Preflight complete, Tuskegee flight lead Mark Grant helped me to pull the aircraft out. I strapped Deadly into the left seat and explained how to operate the intertial lock lever and how to open the canopy and egress from the aircraft in case that became becessary. Deadly needs a couple of pillows to be able to see well enough and her feet can’t get to the rudder pedals. But she can reach all of the controls that matter.
I explained to Deadly everything that would happen on the flight. Who we’d talk to, why I did what I did, what the sensations would be, and what she’d see.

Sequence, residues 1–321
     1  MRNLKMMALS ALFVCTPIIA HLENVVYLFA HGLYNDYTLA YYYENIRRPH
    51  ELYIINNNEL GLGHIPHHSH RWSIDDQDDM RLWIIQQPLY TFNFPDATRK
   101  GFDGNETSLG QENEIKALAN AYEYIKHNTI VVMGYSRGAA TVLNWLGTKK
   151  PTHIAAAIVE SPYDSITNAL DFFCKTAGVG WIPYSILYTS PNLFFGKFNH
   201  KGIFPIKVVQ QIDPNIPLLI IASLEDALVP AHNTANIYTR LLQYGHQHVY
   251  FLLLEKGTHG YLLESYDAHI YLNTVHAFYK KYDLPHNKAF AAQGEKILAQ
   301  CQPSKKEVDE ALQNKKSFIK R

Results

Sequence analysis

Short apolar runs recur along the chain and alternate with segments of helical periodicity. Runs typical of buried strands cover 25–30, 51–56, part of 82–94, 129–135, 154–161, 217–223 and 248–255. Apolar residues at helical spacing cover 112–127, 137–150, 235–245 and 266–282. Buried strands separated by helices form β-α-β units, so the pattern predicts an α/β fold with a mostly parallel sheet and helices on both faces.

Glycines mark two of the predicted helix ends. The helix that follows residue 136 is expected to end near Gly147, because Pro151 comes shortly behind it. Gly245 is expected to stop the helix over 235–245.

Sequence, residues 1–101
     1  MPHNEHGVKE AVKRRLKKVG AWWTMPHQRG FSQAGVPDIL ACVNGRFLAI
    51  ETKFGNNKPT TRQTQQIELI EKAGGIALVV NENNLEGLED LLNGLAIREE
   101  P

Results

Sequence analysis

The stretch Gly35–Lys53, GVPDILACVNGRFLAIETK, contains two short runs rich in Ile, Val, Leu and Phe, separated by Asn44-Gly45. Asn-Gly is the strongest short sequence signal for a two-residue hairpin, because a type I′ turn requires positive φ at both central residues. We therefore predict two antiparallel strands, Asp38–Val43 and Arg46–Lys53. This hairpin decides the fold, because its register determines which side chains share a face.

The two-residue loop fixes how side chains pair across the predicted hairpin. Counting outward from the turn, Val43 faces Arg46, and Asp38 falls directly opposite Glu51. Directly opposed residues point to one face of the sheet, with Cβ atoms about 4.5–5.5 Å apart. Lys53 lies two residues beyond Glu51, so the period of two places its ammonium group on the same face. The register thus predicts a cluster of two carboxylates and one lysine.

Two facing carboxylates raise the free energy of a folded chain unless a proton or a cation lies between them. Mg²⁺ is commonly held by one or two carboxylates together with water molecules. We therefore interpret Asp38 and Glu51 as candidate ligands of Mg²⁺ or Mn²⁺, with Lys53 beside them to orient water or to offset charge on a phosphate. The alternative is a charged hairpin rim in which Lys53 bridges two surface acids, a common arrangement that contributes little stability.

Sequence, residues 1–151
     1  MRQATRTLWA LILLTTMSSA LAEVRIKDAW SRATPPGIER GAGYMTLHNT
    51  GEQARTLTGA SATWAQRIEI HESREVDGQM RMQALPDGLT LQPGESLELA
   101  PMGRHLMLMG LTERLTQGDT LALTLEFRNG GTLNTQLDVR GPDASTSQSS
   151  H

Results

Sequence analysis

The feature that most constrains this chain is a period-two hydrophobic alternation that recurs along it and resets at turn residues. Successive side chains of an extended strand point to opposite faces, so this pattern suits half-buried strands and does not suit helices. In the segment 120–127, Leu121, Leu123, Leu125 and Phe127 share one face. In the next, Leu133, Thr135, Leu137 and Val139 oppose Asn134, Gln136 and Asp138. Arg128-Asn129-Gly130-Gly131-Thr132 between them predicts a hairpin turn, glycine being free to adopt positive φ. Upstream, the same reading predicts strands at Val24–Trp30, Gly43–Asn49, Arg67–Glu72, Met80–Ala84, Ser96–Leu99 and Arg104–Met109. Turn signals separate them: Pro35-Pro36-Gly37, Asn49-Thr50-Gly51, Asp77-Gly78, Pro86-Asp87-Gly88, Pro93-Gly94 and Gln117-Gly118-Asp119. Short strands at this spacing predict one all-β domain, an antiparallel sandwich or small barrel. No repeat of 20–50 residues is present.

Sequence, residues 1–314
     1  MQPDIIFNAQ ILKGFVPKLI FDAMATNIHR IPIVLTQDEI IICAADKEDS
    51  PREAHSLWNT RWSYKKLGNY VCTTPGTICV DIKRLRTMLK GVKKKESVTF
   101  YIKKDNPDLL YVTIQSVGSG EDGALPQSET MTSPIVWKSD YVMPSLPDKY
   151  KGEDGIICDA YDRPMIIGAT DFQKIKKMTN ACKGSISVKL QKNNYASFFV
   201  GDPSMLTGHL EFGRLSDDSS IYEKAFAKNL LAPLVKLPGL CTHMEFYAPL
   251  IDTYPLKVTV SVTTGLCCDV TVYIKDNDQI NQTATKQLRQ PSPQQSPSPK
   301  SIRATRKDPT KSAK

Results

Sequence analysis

I slid in, strapped myself in, started up, and taxied out to the runup area. A runup and brief conversations with ground and tower later, and we were on the displaced threshold of Runway 33.
“You ready to fly?” I asked?
“You bet!” she said.
I fed in the throttle and kept the stick in my gut. A few seconds later, I let off the stick and the tail came up. And then we rose from the runway.
The plan was a short flight out to the Detroit River about four miles from the airport with a couple of circles around Belle Isle before coming back. First flights are best if they’re kept short and don’t involve anything surprising or what some pilots call “sporty.” That was the primary reason for turning the prop at sunrise, before the wind had a chance to come up and before thermal heating could make it bumpy at the lower altitudes at which we’d be flying.